The 2017-18 Philadelphia Flyers season was a roller-coaster ride that ended with their second postseason berth in the last three years. The season was filled with great moments, goals, saves and players’ performances. Over the next couple of weeks, The Hockey Writers will take a deep look at each month of action. We will break down what happened in a specific month and what it meant to the season and the future of the franchise.
The First West Coast Road Trip
The 2017-18 season started with a four-game road trip, with three of those games in California. The Flyers went 2-1 in the three Cali games and Wayne Simmonds seemed poised to have another dominant scoring season. ‘Simmer’ started the season with a hat trick against the San Jose Sharks and then scored the overtime winner in Anaheim. Brian Elliott won his first two starts with the team, stopping 53 of the 58 shots he faced.
The Moment of the Month
The last game of the early-season road trip brings us to the Moment of the Month: the game, play or moment that helped define the Flyers’ season. On Oct. 10, the Nashville Predators stormed out to a 3-0 lead, but the Flyers would answer back with five consecutive goals. One of those goals was the first of Nolan Patrick’s career, but it was the last three minutes of the game that would give us the Moment of the Month.
With the score at 5-4 Flyers, and under three minutes to play, Mattias Ekholm drew two penalties on the same play—holding on Dale Weise and tripping on Andrew MacDonald. This gave the Predators a full two minutes of 5-on-3 to try and tie the game, and they took full advantage.
The Flyers’ old friend, Scott Hartnell, scored his second goal of the game with 1:17 remaining, on a six-on-three, and tied the game. Dave Hakstol decided to challenge the call for offsides, knowing that if he was wrong, the Predators would have another five-on-three opportunity.
Hakstol was wrong, the Flyers were assessed a penalty, and Filip Forsberg scored on that power play to complete the crushing loss. It was the first such penalty to result in a game-winning power-play goal since the coach’s challenge rule was changed. The decision likely cost the Flyers at least one point.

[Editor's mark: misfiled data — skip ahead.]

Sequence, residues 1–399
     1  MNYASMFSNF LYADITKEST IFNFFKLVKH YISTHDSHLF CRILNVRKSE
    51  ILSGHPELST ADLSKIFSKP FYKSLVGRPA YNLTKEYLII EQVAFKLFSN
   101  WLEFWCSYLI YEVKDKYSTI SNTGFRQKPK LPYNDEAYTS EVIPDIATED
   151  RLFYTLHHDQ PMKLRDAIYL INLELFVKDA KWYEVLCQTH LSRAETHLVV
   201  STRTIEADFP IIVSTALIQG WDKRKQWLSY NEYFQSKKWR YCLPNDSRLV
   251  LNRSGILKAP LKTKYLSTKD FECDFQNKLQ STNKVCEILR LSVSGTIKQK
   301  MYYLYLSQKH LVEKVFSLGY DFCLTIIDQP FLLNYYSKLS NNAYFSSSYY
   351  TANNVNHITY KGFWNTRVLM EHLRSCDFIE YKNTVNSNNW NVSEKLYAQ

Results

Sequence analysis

This moment is what Flyers fans point to when they chanted “Fire Hakstol” during the season. The coach should have known the situation his team was in and the rules set forth.
Home Sweet Home
The Flyers then played their next five games at home in October and went 3-2. They made a statement in their home opener beating the Washington Capitals, 8-2. It was the first time in 35 years the Flyers scored eight goals in a home opener.
Claude Giroux had a four-point game against the Caps, and two nights later recorded his 400th career assist in a 5-1 win over the Florida Panthers. Giroux was on his way to his career year with eight points (four goals, four assists) during the five-game homestand. Sean Couturier also started his career year with five goals in the five games played at home.
Two big injuries occurred during the homestand. On Oct. 21, Andrew MacDonald would sustain a lower-body injury against the Edmonton Oilers and miss the next 15 games. Nolan Patrick would be out nine games after taking a hit by the Anaheim Ducks’ Chris Wagner during the Flyers’ 6-2 loss on Oct. 24.
The Numbers Don’t Lie
The Flyers finished the inaugural month with a 6-5-1 record. Jakub Voracek paced the team with 16 points (two goals, 14 assists) while Couturier led them with nine goals. Simmonds had four game-winning goals in the month; he would finish with five game-winning goals for the season.
Shayne Gostisbehere had 12 assists, including eight of them on the power play in 11 games played. The power play would finish as the eighth best in the NHL, scoring on 23.3 percent of its chances. It was no surprise that the penalty kill struggled out of the gate, killing off only 79.1 percent, good for 23rd in the league.
Elliott started eight times in the month, with a 5-2-1 record, 3.22 goals-against average and .884 save percentage. Michal Neuvirth was a hard-luck loser with a 1-3 record but a 2.30 GAA and .925 SV%.